BEIJING (Reuters) - Expatriate British businessman Neil Heywood, whose murder has caused political upheaval in China, left his wife and children in a financially uncertain situation in China, prompting a former business associate to pay for their plane tickets to attend his London funeral, a family friend told Reuters.
The account marks the first time that details of Heywood’s financial affairs have emerged since he died in southwest China last November. Family friends also revealed more details about the final few days leading up to his death.
Police suspect he was the victim of a poisoning engineered by the wife of ousted Chongqing Communist Party boss Bo Xilai, over a business dispute that turned personal.
Heywood left his family yuan savings equivalent to a “five-digit” sum in British pounds, the family friend said, raising the possibility that any financial dealings with Bo’s wife, Gu Kailai, a former high-powered lawyer, may not have yielded him windfall profits.
Police suspect that the 41-year-old Briton had been helping Gu move money offshore in return for a commission on the transaction, sources told Reuters earlier this week.
But if such transactions did take place, and he made personal gains from it, Heywood’s widow, known to friends as Lulu but who kept her maiden name Wang, has no knowledge of them, according to the friend’s account.
Wang, a native of China’s northeastern city of Dalian where Bo was mayor from 1993 to 2000, and Heywood’s mother, Ann, and sister in London have turned down interview requests.
“She doesn’t have a lot of bank savings,” the source said, requesting anonymity, adding that she had to make monthly mortgage repayments on a three-storey town house the family owns in suburban Beijing.
When Heywood bought the house a few years ago, similar homes in the gated compound sold for around 3 million yuan ($476,900), according to a local broker. Today such houses sell for about 7 million yuan following a boom in Beijing real estate.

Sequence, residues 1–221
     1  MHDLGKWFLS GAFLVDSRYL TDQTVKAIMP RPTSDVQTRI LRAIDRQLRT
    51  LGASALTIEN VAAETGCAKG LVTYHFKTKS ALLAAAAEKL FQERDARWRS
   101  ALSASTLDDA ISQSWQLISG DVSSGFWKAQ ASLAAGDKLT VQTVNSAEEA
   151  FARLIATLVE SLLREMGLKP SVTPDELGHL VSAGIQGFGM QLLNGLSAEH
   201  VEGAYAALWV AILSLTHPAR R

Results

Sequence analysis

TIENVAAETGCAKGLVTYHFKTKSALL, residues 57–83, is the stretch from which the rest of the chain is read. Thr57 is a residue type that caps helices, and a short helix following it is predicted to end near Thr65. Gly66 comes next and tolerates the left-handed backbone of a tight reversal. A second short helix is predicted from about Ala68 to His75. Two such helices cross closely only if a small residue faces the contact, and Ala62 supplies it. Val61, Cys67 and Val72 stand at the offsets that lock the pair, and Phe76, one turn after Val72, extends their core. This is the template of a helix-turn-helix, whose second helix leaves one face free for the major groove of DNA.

Police believe Gu plotted to murder Heywood after he demanded a larger-than-usual cut of a big transaction and threatened to expose her financial dealings if she refused, sources with knowledge of the investigation said.
The scandal, which has brought down Bo, once considered a contender for a top national leadership post, is potentially the most divisive the Communist Party has faced in more than two decades.
It was not clear whether Heywood had other bank accounts his wife did not know about or owned assets overseas. If he did, his widow knew nothing of them, the family friend said.
Heywood, educated at England’s elite Harrow School and a fluent Chinese speaker, dressed well, drove a Jaguar and had friends in Britain’s aristocratic circles. He once arranged a visit to China by Winston Churchill’s granddaughter.
One of Heywood’s ancestors was Britain’s consul general in the northern port city of Tianjin from 1929 to 1935.
His children went to an international school in Beijing where the family paid attendance fees totaling more than $50,000 a year.
But friends say his expatriate life, while comfortable, was not lavish. The chain-smoking Heywood made his living as a mostly self-employed consultant to companies, including the Beijing dealer of Aston Martin, helping them resolve disputes and assisting with due diligence.
His grey Jaguar was second-hand, with a license plate “N007W3”. He requested and obtained the “007” plate from Beijing traffic authorities as he was a fan of James Bond spy movies and classic sports cars, according to the family friend.
Family friends dismissed UK media reports that Heywood may have been a British spy. The reports were based on the part-time work Heywood had done for Hakluyt, a UK-based private business consultancy founded by former British intelligence officers.